This article was originally published on March 21, 2017, and updated on May 16, 2023.
You know the reasons why your nonprofit needs a website content strategy and how it will help you plan a new or redesigned site. You’re ready to put content first and benefit from a deliberate, strategic, planning process. So now that it’s time to develop it, what elements should you include in your nonprofit’s website content strategy?
There are many approaches to content strategy (and plenty of confusion between content strategy vs. content marketing). After doing this work for many nonprofit organizations over several years, I’ve narrowed in on the following decisions to document within a website content strategy to build consensus, strategic alignment, and realistic plans. And for this post, I’ve once again asked Mike Mella of Be Like Water to add his insights as a web designer and developer.
Are you ready to create a website content strategy for your nonprofit organization?
Document these elements in your nonprofit’s website content strategy.
Planning a solid website starts with strategic alignment —making and capturing decisions about your website’s purpose, audiences, messages and production.
You should have more in mind than “we need a new site.” What do you want your new website — and therefore your website content — to achieve?
Your website exists to advance your organization toward achieving your vision and mission, so it needs to support the priorities in your nonprofit’s strategic plan and the business objectives of departments and program areas.
To support your nonprofit’s priorities, how can your website content encourage specific actions or engagement? Articulate the communications objectives for your website content, thinking about your audiences (see below) and the actions you want them to take on your site.
When you’ve defined what success will look like for your site, you’ll start to know the types of content you need and how each piece can support your objectives. These decisions will inform the calls to action you’ll feature in your website content. For example, if building your community of new and potential supporters is a priority, you might invite readers to subscribe to email updates. If you’re working to raise the profile of and participation in specific programs, you’ll invite readers to register.
“Some people think Web design is a form of art, but it’s really about problem solving. Every website should have an objective, and that should break down into smaller objectives per-section or even per-page.
Presenting your website to your visitors is not your goal; once a visitor arrives, your website’s job has only just begun. Make your website work for you. Decide what you want the visitor to do on every page. If a client gives me a plan that includes desired actions site-wide, I’ll have a head start at deciding how much visual weight to give each element. I can also plan to build in functionality that prompts the visitor to complete those actions, and allows them to do so easily.”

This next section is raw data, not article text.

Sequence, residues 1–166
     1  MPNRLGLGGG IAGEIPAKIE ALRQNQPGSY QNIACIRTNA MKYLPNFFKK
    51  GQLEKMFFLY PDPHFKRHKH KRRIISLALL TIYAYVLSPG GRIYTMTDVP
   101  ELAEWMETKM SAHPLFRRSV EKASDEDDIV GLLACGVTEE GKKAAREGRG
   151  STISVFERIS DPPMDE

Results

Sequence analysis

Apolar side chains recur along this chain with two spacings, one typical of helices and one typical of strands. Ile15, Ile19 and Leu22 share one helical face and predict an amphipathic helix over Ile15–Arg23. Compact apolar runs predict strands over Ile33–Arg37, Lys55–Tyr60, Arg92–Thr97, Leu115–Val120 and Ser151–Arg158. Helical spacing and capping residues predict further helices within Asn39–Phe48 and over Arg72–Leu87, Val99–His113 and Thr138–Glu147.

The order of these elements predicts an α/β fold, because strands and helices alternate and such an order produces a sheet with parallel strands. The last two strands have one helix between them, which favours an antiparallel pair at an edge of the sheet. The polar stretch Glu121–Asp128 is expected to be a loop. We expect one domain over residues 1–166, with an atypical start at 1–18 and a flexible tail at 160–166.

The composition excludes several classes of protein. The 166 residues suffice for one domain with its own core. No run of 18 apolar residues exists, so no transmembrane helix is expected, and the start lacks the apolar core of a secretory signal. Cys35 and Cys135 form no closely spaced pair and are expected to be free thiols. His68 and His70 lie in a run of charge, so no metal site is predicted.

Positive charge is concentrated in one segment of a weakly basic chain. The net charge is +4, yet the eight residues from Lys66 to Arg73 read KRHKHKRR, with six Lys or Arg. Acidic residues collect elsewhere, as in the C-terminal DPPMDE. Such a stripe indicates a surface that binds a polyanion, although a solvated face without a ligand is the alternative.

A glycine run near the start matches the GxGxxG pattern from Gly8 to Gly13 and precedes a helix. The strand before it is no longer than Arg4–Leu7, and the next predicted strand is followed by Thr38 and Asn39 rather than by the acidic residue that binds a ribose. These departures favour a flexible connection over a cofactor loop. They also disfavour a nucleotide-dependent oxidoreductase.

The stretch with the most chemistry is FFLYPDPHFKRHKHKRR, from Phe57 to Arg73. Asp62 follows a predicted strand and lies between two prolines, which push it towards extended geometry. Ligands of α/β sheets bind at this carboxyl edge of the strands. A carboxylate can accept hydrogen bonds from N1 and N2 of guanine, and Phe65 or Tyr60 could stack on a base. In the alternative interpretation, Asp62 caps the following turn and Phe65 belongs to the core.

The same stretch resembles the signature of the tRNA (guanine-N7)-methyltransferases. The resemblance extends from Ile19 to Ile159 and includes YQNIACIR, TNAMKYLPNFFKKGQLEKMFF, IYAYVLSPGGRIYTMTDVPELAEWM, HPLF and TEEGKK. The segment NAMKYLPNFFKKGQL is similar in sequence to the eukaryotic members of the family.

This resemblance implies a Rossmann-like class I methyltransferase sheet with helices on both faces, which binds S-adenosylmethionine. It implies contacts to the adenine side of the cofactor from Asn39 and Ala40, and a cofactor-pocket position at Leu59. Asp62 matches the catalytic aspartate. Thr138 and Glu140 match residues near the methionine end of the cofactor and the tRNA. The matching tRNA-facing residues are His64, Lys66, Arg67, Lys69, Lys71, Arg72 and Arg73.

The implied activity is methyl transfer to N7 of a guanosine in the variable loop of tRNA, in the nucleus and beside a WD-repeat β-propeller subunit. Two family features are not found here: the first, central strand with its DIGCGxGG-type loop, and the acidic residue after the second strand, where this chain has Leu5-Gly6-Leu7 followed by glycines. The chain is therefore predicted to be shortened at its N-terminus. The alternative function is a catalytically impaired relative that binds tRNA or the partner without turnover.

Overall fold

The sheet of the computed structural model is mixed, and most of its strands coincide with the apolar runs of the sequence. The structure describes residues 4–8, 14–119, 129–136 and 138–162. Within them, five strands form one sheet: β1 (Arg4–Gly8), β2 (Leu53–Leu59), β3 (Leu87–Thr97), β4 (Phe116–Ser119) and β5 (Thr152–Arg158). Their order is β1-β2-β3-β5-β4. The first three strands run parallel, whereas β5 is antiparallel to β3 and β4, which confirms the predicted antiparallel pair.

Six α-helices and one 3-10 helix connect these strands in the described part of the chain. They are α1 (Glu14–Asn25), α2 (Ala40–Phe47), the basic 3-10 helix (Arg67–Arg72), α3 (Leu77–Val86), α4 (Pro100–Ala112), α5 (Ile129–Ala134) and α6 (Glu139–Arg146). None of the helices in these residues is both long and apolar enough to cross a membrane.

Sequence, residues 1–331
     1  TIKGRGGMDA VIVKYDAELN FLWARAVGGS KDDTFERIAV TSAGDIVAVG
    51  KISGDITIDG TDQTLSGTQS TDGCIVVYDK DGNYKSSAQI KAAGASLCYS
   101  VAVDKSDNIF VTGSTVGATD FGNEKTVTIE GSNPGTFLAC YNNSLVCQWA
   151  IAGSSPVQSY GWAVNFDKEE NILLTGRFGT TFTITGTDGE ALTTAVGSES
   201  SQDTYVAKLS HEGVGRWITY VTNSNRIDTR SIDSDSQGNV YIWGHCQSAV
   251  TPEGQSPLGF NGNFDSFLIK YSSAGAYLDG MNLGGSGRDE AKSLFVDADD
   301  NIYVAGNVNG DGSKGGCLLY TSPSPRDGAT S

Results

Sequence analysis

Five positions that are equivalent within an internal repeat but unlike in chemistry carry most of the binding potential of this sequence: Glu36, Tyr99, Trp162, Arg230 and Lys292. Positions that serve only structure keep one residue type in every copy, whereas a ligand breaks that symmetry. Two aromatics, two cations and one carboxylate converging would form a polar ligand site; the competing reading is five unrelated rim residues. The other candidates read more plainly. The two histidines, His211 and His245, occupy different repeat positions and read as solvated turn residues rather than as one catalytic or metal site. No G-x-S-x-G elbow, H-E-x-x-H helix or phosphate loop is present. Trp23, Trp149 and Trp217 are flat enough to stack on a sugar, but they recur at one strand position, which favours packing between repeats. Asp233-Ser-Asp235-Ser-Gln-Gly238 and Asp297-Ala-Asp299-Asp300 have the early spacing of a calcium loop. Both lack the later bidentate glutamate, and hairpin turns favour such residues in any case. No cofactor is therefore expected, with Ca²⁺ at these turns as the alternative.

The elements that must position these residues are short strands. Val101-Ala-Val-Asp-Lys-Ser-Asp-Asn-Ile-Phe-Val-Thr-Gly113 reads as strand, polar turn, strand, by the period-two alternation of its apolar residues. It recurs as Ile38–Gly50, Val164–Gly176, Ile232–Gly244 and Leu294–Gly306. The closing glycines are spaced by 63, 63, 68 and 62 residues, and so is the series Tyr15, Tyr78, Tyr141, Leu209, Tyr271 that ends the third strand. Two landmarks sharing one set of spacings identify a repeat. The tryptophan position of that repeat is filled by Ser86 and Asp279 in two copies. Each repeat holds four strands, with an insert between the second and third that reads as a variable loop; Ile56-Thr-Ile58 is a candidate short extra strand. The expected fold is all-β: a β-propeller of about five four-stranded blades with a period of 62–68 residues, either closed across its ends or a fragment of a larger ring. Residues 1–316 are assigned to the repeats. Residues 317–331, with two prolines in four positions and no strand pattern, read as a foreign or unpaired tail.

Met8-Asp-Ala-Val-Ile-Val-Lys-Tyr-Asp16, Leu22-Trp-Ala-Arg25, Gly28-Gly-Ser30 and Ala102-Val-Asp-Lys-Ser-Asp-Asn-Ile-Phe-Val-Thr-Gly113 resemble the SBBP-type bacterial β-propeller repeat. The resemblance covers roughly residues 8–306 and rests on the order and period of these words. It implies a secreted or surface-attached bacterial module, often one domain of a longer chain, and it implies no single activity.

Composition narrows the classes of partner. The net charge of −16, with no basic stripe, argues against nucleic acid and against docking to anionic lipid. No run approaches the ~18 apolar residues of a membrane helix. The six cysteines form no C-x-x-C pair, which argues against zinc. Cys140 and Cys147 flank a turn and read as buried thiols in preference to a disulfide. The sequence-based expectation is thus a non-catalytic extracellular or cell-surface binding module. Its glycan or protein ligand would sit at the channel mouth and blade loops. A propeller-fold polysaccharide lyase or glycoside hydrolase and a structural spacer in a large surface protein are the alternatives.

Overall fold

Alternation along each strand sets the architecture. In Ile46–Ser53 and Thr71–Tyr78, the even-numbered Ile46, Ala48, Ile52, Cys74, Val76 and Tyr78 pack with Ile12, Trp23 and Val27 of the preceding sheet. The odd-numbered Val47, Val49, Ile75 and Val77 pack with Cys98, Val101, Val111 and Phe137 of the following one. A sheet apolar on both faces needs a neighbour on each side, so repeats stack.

Before making any content decisions, you must identify your priority audiences (yes, you’ll need to ditch the “general public”). Prioritize who you are trying to reach and serve via your website, going deeper into work you’ve previously done to identify and prioritize your nonprofit’s audiences. Consider each audience’s relative importance to the organization, the potential for impact, and how they use the website to obtain information and interact with you.
The number of audiences you prioritize will depend on your purpose and your organization’s size, scope, and complexity, but try to narrow this down as much as you can. Be honest about which relationships you will and won’t facilitate or strengthen through your site.
To give visitors what they want, you have to get to know them. So once you’ve identified your priority website audiences, enhance personas to include their website content and engagement wants and needs. Spend time developing and thinking about your audience to understand their motivations and priorities:
- Why are they visiting or landing on your site?
- What are their information wants and needs?
- What questions are they trying to answer?
- What tasks do they want to perform?
Exploring the answers to these questions increases the likelihood that you’ll create content they’ll read and act upon.
You’ll avoid making internally biased decisions when you’re clear and specific about your audiences. You must have your ideal visitors – not your board, senior management team or colleagues – at the forefront of your website decisions.
“The question of what you want to achieve should be answered not only for the site as a whole, but for each site section. I believe that every page in a site should have a defined call-to-action; something you want the visitor to do there. With this information, your developer can visualize the visitor’s experience as he/she navigates the site.